Unfortunately, there’s nothing I can do to make a second first impression. I’ve missed that opportunity. I’m ever evolving and making efforts to be a better person. Here’s what I’m doing to create a gentle entry point for future conversations. Some of you may be familiar with an Accountability Pod [AP]. For those who aren’t, here’s a breakdown. The short version is that a group of 2-3 people would hold me accountable for any ways that I’ve harmed others. Having an AP would mean that anyone who wished to address a grievance would have a way to do so anonymously. Circling back to my blind spot, I often fail to understand why anyone would fear approaching me. That’s my CisHet blind spot, my privilege speaking. I keep thinking about how I know that there is no reason to fear me. I keep thinking about how I know there is no reason to fear retaliation for speaking your truth to me (not at me). Sure, I know that. However, others don’t/can’t know that because they are driven by their own lived experience. To put it another way, your experience with the last three CisHet men you’ve met might keep you from approaching me. I understand.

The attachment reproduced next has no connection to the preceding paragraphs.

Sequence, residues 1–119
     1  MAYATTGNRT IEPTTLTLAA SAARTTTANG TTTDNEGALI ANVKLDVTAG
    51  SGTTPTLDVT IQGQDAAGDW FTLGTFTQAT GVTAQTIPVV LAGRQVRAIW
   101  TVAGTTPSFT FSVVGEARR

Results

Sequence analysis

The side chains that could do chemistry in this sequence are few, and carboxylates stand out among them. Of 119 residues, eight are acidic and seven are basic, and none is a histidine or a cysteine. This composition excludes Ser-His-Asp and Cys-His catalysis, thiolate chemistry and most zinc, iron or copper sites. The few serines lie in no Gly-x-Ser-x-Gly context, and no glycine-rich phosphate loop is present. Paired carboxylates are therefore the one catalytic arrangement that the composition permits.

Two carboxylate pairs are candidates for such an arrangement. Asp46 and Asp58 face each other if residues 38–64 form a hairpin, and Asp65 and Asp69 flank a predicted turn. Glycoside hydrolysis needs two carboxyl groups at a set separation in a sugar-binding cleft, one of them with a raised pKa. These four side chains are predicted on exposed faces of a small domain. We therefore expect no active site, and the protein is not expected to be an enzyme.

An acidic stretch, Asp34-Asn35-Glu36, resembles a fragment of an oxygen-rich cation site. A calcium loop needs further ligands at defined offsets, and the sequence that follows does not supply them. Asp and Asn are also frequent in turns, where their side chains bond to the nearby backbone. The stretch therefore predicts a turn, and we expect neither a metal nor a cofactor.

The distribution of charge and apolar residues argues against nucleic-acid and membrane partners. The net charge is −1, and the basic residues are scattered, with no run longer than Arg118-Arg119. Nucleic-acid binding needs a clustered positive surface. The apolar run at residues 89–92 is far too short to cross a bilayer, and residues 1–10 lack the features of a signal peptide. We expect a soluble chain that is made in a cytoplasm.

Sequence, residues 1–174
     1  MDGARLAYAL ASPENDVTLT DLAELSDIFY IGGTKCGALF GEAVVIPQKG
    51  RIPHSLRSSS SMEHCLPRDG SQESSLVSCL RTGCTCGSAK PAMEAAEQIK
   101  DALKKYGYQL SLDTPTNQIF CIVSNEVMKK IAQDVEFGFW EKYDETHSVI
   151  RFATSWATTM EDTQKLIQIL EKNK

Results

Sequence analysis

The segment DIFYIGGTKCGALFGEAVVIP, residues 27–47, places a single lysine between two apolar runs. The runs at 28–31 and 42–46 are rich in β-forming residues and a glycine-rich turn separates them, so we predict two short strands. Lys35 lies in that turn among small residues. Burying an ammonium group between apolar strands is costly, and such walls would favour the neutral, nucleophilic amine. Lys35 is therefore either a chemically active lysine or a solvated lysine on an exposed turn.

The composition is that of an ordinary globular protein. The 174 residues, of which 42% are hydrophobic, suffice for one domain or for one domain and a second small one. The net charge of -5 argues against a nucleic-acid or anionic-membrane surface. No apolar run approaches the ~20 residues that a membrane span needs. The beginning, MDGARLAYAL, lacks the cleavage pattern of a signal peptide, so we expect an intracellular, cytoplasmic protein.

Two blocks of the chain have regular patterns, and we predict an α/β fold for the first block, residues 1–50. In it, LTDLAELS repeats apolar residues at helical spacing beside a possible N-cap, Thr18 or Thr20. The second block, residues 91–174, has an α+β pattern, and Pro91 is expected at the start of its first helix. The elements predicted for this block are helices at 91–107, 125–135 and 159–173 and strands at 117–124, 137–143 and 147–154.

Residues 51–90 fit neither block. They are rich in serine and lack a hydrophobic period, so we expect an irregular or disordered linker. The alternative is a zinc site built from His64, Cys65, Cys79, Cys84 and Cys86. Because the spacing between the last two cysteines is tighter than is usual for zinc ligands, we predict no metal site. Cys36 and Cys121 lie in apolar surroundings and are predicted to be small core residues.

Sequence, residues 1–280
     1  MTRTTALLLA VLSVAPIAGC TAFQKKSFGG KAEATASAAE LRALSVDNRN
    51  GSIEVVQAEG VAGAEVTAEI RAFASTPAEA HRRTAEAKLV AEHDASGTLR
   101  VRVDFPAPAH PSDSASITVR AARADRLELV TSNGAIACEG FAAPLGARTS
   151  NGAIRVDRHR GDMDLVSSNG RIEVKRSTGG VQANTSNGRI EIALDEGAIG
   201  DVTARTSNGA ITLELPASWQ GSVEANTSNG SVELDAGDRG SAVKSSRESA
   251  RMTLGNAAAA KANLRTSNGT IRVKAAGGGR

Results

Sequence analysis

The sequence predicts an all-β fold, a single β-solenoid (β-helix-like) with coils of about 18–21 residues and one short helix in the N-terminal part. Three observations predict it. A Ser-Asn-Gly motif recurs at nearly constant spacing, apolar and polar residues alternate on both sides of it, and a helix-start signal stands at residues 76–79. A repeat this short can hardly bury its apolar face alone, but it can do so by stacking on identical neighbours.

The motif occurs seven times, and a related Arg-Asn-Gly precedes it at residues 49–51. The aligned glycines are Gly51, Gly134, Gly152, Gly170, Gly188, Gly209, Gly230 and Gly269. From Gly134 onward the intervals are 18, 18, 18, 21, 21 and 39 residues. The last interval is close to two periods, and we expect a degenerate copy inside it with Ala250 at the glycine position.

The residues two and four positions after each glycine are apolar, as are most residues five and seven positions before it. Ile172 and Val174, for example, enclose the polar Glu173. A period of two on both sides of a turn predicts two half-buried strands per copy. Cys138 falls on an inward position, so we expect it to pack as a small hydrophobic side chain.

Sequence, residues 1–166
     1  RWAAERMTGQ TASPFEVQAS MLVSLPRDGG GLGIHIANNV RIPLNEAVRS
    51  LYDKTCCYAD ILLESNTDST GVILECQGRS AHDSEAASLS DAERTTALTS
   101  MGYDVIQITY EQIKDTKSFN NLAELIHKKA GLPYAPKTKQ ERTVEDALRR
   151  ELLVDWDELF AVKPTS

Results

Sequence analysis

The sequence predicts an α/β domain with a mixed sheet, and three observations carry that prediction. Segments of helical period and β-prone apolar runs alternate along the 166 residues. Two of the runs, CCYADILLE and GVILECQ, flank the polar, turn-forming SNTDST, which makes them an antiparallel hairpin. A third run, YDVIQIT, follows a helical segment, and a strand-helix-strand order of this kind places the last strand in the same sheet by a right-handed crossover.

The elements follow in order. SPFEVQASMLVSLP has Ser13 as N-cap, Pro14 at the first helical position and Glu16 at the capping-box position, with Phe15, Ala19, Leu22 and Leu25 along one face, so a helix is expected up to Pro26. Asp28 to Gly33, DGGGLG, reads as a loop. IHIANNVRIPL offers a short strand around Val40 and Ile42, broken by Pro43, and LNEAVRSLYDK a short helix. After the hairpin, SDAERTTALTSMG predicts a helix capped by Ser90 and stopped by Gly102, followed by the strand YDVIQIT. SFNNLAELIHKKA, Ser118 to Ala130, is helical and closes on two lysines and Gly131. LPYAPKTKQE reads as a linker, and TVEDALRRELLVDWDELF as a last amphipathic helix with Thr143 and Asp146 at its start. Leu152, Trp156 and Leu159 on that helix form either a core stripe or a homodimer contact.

Let’s look at that stage manager situation that I experienced through the lens of anyone else. Would others handle it the same, in the moment? Would others say, “Don’t ever touch me!” Maybe not. Some may brush it off as not a big deal and then realize they never stopped thinking of it, years later. What’s to be done about it then, are the feelings any less valid because time has passed? No. How can people move forward if some people don’t want conflict resolution? I don’t have that answer. I have learned that some people don’t want to resolve conflict. Those feelings are also valid. Everyone is coming from a different lived experience.